Historical Markers
Bucks County Historical Marker
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Bucks County

Philadelphia and its Countryside/Lehigh Valley


Marker Location:
Courthouse, East Court Street, Doylestown

Dedication Date:
October 29, 1982

Behind the Marker

While riding horseback along the trails of his new colony, one day, William Penn pondered how he could attract settlers to his sparsely-populated province. Pausing at the present site of Newtown, Bucks County, he was struck by the beauty of the rolling hills and winding creek, and allegedly declared "This is the place proposed for my new town!" The name caught on, and Penn planned a host of other new towns to surround his City of Brotherly Love at Philadelphia.
A map of Bucks County based on the original Thomas Holme map of 1681.
A map of Bucks County based on the original Thomas Holme map of 1681.

To encourage settlement, Penn offered to give settlers common grazing lands and town plots equal to 10 percent of the size of the township lot that they purchased. The incentive worked. By 1716, nearly forty acres of land bordering Newtown Creek were owned commonly for water and pasture.

Most of the people who heeded Penn's call for settlement were English Quakers, who transformed Bucks County into a bustling community rich in farmland and centered around the market town of Bristol, which became the county seat in 1705. Penn himself established a country residence at markerPennsbury Manor, a courtly estate in lower Bucks County.

The first purchase of land from the Lenape occurred in Bucks County in July 1682. Relations between Penn's Quaker co-religionists and the Lenape remained friendly, even as colonists from a variety of ethnic and religious traditions followed. German Catholics, Lutherans, German Reformed and Mennonites, Dutch Reformed, Welsh Baptists, Scots-Irish Presbyterians, French Huguenots and Irish Catholics all established settlements on the Delaware River and along the banks of the Neshaminy and Perkiomen creeks.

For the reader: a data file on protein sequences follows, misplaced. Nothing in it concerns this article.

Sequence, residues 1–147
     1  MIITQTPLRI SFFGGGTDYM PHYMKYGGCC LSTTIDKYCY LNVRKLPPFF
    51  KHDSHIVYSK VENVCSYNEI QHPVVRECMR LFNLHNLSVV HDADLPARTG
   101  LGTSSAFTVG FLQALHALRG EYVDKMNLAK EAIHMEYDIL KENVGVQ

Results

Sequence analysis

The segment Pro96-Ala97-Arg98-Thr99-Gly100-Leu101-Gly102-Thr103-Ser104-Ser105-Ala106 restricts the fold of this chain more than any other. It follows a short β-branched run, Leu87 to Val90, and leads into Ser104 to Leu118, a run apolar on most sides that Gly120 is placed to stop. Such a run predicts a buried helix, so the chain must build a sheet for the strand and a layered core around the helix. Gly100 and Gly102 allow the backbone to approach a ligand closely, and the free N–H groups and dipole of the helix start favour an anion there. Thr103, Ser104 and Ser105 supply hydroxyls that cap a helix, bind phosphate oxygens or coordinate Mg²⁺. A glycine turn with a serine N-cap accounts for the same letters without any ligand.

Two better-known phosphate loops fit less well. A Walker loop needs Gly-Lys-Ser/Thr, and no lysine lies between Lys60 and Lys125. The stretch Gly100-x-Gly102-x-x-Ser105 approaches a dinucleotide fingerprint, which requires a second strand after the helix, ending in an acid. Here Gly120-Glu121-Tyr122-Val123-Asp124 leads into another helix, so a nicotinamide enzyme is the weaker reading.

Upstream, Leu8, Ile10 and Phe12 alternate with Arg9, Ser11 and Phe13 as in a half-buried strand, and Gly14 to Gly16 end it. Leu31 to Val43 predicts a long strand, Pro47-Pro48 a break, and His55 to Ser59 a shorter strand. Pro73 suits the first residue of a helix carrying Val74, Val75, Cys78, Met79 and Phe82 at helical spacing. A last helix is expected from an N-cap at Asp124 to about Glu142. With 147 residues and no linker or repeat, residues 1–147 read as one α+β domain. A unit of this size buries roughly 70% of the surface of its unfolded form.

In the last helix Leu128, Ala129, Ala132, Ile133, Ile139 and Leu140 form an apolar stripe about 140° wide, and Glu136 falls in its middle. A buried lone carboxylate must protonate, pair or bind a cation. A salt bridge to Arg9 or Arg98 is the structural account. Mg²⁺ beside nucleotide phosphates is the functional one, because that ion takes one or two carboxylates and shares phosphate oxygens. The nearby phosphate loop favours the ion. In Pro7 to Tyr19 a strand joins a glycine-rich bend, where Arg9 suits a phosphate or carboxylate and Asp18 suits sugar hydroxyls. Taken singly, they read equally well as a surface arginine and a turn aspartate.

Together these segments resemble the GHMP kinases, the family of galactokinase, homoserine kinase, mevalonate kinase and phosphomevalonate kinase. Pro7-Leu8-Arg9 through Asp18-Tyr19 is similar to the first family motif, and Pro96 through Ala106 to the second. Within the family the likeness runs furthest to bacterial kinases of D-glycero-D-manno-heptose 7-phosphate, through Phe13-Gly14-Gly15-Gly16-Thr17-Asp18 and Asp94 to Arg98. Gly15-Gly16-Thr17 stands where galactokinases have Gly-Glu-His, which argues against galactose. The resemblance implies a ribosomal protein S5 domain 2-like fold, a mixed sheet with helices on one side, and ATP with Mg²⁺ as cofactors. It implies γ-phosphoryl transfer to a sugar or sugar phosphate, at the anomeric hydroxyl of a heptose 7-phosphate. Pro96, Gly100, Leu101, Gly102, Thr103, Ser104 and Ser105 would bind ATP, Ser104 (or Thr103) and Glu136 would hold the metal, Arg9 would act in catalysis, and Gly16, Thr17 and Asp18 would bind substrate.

Black and white image of stone mill under tree on the right, with a cloudy sky.
The the Cuttalosa Mill in Solebury Township, Bucks County, PA, circa 1910.

By the 1730s, increasing European settlement compelled Penn's heirs, Thomas and Richard Penn, to move the county seat from Bristol to Newtown, and to obtain title to more Indian land. In 1737, Penn's sons deceived the Lenape by manipulating an older deed (or quite possibly drawing up a phony one) which conveyed to the proprietorship "as much land as a man could walk northward in a day and a half," beginning at Wrightstown. By hiring three runners to make the "walk," the Penns claimed roughly 1,200 square miles of land, cheating the Lenape out of some 750,000 acres of their homeland.

This fraudulent markerWalking Purchase marked the beginning of the deterioration of relations between the whites and the Lenape which grew into anger, hostility, and resentment that the Lenape expressed in raids on Pennsylvania farms during the French and Indian War.

]Located between New York and Philadelphia, Bucks County played a critical role during the American Revolution. In December 1776, George Washington and the Continental Army found refuge from the British Army in the region after their retreat across New Jersey. After resting his men, Washington delivered a military and psychological masterstroke by markercrossing the Delaware on Christmas night to surprise a Hessian detachment at Trenton.
Color image of The Fonthill Museum
Color image of The Fonthill Museum

During the nineteenth century, Bucks County became an important conduit for coal and other products from upstate Pennsylvania to Philadelphia. The Delaware Division of the Pennsylvania Canal, constructed between 1827 and 1832, allowed industry and commerce to thrive in villages along the canal's route. Once again, the county seat was relocated, this time from Newtown to Doylestown, where it remains today.

Doylestown was also home to markerHenry Chapman Mercer, an architect, collector and ceramist, who built two sprawling castles in the county seat. One structure, the Mercer Museum, houses his extensive collection of American artifacts, displayed on six levels with ceilings of varying heights. The other castle was Mercer's home, Fonthill. This medieval style mansion of forty-four rooms reflects his love of historical research, archeology and tile-making.

Together with the Moravian Pottery and Tile Works, the James A. Michener Art Museum, and the artists' colony at New Hope, Mercer's castles allow Bucks County to boast of some of the finest art collections in the Commonwealth of Pennsylvania.
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